The finish line was less than a mile away.
But because of the bombings at the Boston Marathon, three Kansas City area runners were among those who could not cross it.
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On Saturday, though, they will get the chance to reach a finish line when they run the final seven-tenths of a mile at the Garmin Marathon in Olathe.
“I’m touched and amazed and speechless,” said Whitney Jarvis, 32, of Olathe. “It is a real touching effort for them to make for us.”
Organizers of the Garmin Marathon announced Wednesday that the marathon will have a special finish-line ceremony for local participants in the Boston Marathon.
The ceremony is in support of the people affected by the bombings and the runners who were unable to finish, said Carly Baltes, communication director for the Olathe Chamber of Commerce, which organizes the marathon.
“We wanted to support those folks in any way possible,” she said.
So on Saturday, Jarvis, along with Sarah Bibens of Kansas City and Chau Smith of Oak Grove, will run that final distance.
Their coach, Eladio Valdez with The Runner’s Edge, had contacted race officials to see whether his runners could have a symbolic “finish” to their Boston Marathon.
“All three ladies have unfinished business,” said Valdez, whose wife, Myra, had urged him to call Garmin Marathon officials. “We are not going to take away by any means what happened in Boston. We can’t even wrap our arms around that. But as runners, we understand you want to finish what you started.”
Organizers hope to time the women’s finish around noon so their family and friends can attend.
Valdez said he is working with the Kansas City running community to invite other Boston runners who were unable to complete their race, too. He also hopes that runners who did finish in Boston will come out and show their support.
The gesture means a lot to the three women.
“When I looked at the email, I started to cry so hard,” Smith said. “I was just crying. It was a great idea.”
For Smith, running the Boston Marathon was a dream come true.
“I always was a slow runner,” she said. “I run to release stress and to be healthy.”
Deep down, Smith, who is 67 years old, wanted to run Boston, but she never thought she would qualify for it.
So when she did qualify, she was so excited and happy.
On the day of the race, Smith, who usually has cramp and stomach problems, was having one of her best runs.
The weather was perfect, and the crowds were unbelievable.
“I was just having wonderful time,” Smith said. “That is why it was so disappointing is that deep down I really wanted to re-qualify even though I told my family that if I could run one Boston Marathon that would be enough.”
Although she initially wanted to run to the finish line, once she learned what had happened, Smith didn’t want to anymore.
“I started to cry,” she said. “I started shaking really badly.”
The following days, she and her family were glued to the news.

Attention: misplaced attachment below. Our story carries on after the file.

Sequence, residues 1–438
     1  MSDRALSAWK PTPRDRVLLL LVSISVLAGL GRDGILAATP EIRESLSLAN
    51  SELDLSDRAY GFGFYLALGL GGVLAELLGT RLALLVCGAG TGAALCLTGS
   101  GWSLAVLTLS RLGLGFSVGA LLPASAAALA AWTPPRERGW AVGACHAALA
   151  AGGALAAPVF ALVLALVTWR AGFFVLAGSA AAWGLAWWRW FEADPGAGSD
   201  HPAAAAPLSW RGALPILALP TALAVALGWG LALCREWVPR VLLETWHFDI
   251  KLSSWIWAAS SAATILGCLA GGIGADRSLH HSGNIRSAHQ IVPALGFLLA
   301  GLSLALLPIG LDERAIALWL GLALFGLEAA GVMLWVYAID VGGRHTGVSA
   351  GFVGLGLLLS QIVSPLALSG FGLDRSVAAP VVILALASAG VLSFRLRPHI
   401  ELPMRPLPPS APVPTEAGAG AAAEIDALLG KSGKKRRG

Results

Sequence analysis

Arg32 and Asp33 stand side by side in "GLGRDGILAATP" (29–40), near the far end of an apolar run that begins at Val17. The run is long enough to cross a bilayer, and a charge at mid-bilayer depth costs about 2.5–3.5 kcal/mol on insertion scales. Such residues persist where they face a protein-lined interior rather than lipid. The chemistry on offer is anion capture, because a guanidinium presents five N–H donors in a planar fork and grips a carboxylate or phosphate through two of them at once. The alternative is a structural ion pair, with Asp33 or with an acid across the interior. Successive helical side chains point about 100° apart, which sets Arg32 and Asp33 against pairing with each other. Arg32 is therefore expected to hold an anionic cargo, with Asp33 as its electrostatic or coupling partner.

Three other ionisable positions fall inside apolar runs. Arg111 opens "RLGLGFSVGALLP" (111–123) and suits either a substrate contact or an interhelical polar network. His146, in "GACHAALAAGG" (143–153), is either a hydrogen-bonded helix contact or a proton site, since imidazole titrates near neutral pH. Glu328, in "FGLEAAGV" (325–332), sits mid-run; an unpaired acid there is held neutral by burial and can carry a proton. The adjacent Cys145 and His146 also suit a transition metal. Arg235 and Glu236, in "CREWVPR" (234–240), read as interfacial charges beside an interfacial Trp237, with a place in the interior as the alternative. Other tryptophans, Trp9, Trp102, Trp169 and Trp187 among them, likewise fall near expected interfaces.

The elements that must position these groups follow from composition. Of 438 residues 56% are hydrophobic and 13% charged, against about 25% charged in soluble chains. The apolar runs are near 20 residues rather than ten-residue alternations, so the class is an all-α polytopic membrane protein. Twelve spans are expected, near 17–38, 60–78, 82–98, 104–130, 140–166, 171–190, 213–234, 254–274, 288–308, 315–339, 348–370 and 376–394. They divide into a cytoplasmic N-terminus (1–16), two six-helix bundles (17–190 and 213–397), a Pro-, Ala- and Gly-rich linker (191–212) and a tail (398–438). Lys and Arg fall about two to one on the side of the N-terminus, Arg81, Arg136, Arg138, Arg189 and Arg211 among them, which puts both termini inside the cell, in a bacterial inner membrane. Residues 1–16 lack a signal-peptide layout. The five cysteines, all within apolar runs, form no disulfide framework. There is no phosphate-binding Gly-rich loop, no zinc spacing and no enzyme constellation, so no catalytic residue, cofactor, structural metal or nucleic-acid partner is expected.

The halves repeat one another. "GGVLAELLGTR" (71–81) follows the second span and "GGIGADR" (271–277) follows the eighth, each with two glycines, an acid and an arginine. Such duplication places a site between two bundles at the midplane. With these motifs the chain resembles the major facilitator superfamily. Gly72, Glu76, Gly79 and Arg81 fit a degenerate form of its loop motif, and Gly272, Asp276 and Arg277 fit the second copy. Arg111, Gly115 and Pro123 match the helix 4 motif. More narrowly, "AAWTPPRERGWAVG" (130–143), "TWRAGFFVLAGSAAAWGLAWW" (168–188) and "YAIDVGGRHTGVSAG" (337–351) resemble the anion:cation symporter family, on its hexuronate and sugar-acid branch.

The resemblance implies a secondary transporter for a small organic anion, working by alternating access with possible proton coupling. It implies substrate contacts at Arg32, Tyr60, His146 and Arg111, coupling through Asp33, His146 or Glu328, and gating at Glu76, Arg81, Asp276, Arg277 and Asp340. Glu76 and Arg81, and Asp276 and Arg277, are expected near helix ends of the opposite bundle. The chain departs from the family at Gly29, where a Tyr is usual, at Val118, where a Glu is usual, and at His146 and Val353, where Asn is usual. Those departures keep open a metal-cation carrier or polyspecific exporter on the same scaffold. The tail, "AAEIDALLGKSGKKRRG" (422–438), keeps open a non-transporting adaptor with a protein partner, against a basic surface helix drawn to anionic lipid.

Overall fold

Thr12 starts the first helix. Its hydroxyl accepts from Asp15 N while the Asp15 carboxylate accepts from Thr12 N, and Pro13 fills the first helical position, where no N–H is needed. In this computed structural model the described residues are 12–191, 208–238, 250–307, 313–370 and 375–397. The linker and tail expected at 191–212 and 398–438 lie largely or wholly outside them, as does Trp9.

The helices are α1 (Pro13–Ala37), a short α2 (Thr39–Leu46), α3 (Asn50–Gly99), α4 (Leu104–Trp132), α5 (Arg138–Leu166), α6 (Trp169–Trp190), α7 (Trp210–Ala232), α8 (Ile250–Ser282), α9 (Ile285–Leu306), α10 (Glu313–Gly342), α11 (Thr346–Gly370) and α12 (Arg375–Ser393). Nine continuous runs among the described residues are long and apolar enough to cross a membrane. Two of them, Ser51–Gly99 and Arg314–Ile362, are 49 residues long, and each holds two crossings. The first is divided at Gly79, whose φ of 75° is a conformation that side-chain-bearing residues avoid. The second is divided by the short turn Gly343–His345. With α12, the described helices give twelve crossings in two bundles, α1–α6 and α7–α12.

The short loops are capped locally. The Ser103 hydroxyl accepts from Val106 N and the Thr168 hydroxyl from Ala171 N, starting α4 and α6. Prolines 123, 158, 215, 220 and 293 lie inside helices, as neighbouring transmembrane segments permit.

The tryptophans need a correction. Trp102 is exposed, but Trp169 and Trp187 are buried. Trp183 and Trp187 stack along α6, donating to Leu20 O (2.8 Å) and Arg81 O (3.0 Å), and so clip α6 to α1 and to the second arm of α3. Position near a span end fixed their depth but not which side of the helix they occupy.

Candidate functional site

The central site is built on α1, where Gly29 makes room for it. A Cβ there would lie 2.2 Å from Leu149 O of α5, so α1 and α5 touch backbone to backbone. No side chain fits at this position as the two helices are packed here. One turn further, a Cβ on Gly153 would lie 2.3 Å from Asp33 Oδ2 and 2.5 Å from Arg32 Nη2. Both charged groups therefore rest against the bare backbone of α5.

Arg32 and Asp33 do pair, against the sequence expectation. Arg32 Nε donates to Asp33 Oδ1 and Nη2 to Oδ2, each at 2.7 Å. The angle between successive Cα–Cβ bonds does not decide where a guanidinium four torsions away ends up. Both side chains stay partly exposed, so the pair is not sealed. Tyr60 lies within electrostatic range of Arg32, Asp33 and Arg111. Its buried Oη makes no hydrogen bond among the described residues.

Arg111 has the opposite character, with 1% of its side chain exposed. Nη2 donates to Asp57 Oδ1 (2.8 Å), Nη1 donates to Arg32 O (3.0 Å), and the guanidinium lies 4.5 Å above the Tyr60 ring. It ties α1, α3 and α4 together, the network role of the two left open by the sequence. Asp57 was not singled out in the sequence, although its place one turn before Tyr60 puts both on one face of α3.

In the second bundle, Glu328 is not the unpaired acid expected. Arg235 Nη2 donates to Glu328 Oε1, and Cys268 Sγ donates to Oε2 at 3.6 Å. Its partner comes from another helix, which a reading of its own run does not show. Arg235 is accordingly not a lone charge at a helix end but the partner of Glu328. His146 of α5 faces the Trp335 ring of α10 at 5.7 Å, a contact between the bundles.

Running on Saturday will be important to show the small of group of people who may try to hurt the innocent that they will not take away freedom.
It will also be a way to honor those who were injured or lost their lives.
“First I was upset and thought I would never go back to Boston,” she said. “But I say that yes, I will go back. I will try to re-qualify again. I will be up there again.”
Bibens sees the Olathe offer as a great opportunity.
“Not coming home with a (finisher’s) medal was the last thought on my mind coming home from Boston,” said Bibens. “But now that I’m home, selfishly you kind of feel cheated.”
At 55 years old, Bibens said she doesn’t know whether this was her only shot at qualifying for Boston.
“It will feel good to cross the finish line,” she said.
Bibens said she was at the runner’s expo in Boston on Sunday and her daughter, Katie Bibens, asked whether she wanted to see the finish line.
“I told her no, that I was going to run across it the next day,” she said. “But I didn’t get to.”
Bibens, who was injured before the marathon, said that if she had been running on her usual pace, she would have been at the finish line at the time of the explosions.
“I was fortunate that I was injured, and I couldn’t continue to run the whole way,” Bibens said.
Jarvis said she, too, ran injured. Otherwise, she probably would have finished before the explosions.
“The finish in Boston is a big deal — it is the best finish in marathoning,” she said. “But in the grand scheme of things, finishing that race is not really important. There were people who died that day.”
She said she can’t be mad about being unable to complete the Boston Marathon, but Saturday will have special meaning.
“Yes, this will be an emotional ‘finish’ for me to make because it’s symbolic,” she said.
It’s about not letting an act of terror beat you or having your spirit broken, she said. It’s about finishing what you started.
“But mostly it’s about showing up with your marathon family and showing them what you are made of,” she said. “We are a bunch of resilient runners. We love what we do. Nobody is going to take that away from us. It is about us reclaiming our race.”